Laing points to challenges in getting GB economy on track
Responding to the latest round of layoffs in Grand Bahama, Minister of State for Finance Zhivargo Laing said yesterday that while economic growth on a national scale remains moderate, the northern island’s economy is still very challenged.
Laing pointed out that while the loss of jobs in Grand Bahama creates further challenges there is a global context to consider, and although economies grow through the facilitation of government, the private sector is the real driving force of the economy.
“It is obviously not good for the people that are being laid off. It is never good news at any time that people have to lose their jobs, especially in Grand Bahama, coming during the holiday season and just before the new year,” Laing told The Nassau Guardian.
“It continues to reflect on the challenges that exist in our national economic situation, but also in the global economic situation, and so all of us have to continue to be very vigilant.”
Minister of Labour Dion Foulkes told The Nassau Guardian on Wednesday night that he had been advised by officials in the Hutchison Whampoa group that more than 60 people employed by the Grand Bahama Airport Company, the Freeport Container Port and the Freeport Harbour Company, were going to be laid off.
Laing said yesterday he attempted to reach the executives of Hutchison Whampoa to get more information on the layoffs.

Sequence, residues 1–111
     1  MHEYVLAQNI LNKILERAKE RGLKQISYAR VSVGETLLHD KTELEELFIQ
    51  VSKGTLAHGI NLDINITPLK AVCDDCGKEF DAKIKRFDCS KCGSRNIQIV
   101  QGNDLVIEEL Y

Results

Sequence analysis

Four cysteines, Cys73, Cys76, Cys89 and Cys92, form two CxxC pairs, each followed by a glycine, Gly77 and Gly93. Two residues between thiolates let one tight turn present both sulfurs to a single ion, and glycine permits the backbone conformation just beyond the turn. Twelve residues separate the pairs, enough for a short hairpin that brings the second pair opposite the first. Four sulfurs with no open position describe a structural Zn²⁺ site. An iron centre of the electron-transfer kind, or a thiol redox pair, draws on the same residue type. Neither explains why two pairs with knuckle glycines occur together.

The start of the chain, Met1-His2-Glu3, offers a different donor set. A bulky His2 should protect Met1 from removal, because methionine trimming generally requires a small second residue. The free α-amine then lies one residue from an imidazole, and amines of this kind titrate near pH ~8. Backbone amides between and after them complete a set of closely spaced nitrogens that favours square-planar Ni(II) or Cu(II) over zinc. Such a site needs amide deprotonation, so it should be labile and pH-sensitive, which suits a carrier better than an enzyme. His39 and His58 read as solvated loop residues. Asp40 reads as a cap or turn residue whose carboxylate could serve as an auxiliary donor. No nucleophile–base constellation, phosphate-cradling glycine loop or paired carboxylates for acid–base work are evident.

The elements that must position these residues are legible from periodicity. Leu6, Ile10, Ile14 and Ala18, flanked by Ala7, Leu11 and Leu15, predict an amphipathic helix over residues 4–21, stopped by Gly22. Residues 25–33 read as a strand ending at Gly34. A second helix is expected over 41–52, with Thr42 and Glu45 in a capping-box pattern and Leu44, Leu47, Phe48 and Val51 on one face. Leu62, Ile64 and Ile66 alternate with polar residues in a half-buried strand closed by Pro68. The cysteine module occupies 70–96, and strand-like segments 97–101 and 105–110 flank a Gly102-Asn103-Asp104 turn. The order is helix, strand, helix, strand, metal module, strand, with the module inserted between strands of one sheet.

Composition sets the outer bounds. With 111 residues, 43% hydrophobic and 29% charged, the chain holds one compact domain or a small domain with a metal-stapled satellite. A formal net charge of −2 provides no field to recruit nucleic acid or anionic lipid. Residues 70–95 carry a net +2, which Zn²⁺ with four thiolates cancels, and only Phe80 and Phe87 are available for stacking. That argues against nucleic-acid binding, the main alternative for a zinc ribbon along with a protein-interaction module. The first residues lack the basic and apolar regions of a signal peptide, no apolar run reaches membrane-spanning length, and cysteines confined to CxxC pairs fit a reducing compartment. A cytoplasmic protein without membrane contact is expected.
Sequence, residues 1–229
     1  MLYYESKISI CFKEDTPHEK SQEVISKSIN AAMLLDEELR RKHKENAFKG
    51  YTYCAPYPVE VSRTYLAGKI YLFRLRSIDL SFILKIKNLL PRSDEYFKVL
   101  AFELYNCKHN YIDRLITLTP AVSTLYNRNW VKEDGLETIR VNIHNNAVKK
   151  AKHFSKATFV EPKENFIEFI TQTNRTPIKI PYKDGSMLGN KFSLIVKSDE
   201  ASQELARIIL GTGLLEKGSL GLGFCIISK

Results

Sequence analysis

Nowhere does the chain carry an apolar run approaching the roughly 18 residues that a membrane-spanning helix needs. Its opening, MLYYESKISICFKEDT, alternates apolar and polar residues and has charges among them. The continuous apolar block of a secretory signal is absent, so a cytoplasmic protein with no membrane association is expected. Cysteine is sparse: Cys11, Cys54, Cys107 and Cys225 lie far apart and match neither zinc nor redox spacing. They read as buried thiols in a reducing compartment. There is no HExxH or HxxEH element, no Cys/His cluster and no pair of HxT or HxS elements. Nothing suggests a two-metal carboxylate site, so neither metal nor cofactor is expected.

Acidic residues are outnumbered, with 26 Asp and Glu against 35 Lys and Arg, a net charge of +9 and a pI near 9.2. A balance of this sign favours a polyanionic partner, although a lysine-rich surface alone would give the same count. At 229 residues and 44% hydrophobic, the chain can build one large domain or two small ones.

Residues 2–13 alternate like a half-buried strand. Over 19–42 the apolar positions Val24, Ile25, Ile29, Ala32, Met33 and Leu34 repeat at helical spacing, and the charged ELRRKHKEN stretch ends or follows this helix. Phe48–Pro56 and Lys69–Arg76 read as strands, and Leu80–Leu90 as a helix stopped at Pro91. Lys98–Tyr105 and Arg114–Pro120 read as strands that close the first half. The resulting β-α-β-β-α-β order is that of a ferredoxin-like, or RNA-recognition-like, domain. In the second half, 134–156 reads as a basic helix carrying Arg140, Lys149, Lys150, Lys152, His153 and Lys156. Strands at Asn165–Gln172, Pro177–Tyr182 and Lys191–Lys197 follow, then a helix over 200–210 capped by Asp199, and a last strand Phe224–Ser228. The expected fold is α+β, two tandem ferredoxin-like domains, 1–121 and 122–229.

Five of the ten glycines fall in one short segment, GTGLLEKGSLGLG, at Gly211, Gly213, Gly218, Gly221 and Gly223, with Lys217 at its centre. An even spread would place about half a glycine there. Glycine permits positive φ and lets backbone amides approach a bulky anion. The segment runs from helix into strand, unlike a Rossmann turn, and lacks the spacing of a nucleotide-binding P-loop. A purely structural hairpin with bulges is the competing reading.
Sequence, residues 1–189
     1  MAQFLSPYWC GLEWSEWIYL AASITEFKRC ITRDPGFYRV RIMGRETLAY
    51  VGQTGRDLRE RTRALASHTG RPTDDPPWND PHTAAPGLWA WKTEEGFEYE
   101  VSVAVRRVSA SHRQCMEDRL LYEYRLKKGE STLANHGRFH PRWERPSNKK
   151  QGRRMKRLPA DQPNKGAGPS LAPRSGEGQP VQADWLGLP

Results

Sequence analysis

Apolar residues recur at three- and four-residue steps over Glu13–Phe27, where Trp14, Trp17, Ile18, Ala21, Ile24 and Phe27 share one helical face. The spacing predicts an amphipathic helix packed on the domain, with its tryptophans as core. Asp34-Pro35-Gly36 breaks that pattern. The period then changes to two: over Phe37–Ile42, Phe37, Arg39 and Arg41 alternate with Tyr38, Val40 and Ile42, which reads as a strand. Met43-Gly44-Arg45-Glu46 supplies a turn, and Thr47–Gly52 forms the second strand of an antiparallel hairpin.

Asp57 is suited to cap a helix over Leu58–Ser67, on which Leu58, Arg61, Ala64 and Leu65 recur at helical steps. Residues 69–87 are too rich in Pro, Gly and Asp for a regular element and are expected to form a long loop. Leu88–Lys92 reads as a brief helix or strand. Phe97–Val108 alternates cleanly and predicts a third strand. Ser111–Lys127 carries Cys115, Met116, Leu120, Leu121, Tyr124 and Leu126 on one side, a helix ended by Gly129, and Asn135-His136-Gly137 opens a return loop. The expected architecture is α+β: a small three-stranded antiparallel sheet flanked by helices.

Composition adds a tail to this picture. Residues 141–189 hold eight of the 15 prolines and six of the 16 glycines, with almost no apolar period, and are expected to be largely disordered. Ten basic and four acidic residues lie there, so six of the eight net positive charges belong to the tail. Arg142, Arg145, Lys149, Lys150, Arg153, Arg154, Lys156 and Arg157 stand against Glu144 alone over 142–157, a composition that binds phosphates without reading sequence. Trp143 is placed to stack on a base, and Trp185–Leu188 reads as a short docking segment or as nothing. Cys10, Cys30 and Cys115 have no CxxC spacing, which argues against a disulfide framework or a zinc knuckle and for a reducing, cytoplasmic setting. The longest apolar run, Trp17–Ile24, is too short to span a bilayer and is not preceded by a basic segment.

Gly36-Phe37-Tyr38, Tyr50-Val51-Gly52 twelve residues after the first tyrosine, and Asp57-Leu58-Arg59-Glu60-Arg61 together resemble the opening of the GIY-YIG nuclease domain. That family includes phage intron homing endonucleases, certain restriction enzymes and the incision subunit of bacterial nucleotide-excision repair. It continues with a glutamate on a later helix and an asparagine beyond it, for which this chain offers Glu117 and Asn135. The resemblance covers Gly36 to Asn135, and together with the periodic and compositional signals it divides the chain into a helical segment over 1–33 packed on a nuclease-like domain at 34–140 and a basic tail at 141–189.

He said the government has sought on every occasion to do all it can to bring economic stability to The Bahamas, including Grand Bahama, through a variety of investment promotional tours and economic initiatives.
“We sought to do a number of things in Grand Bahama to encourage this economy,” he said.
“We have sought to support those who have faced hardship in this economy, whether through the employment program, the six-month one and the 52-week program, which has engaged over 1,000 persons, and we sought to bring the unemployment benefit program to assist those persons also. The government has done what the government can do.”
The minister pointed out that Bahamians and the rest of the world have been faced with a “long standing economic depression”.
“Beginning in 2001 with the September 11 events, continuing with the passing of (Grand Bahama Port Authority Chairman) Edward St. George (in 2004), which resulted in a fallout between the owners of the Grand Bahama Port Authority, and that has had a major impact continuing on with the hurricanes of 2004 and 2005, and a global economy going into the worst recession since the Great Depression.
“All of those things combined have played a part in this continuing saga of pain and frustration economically for the people of Grand Bahama.”
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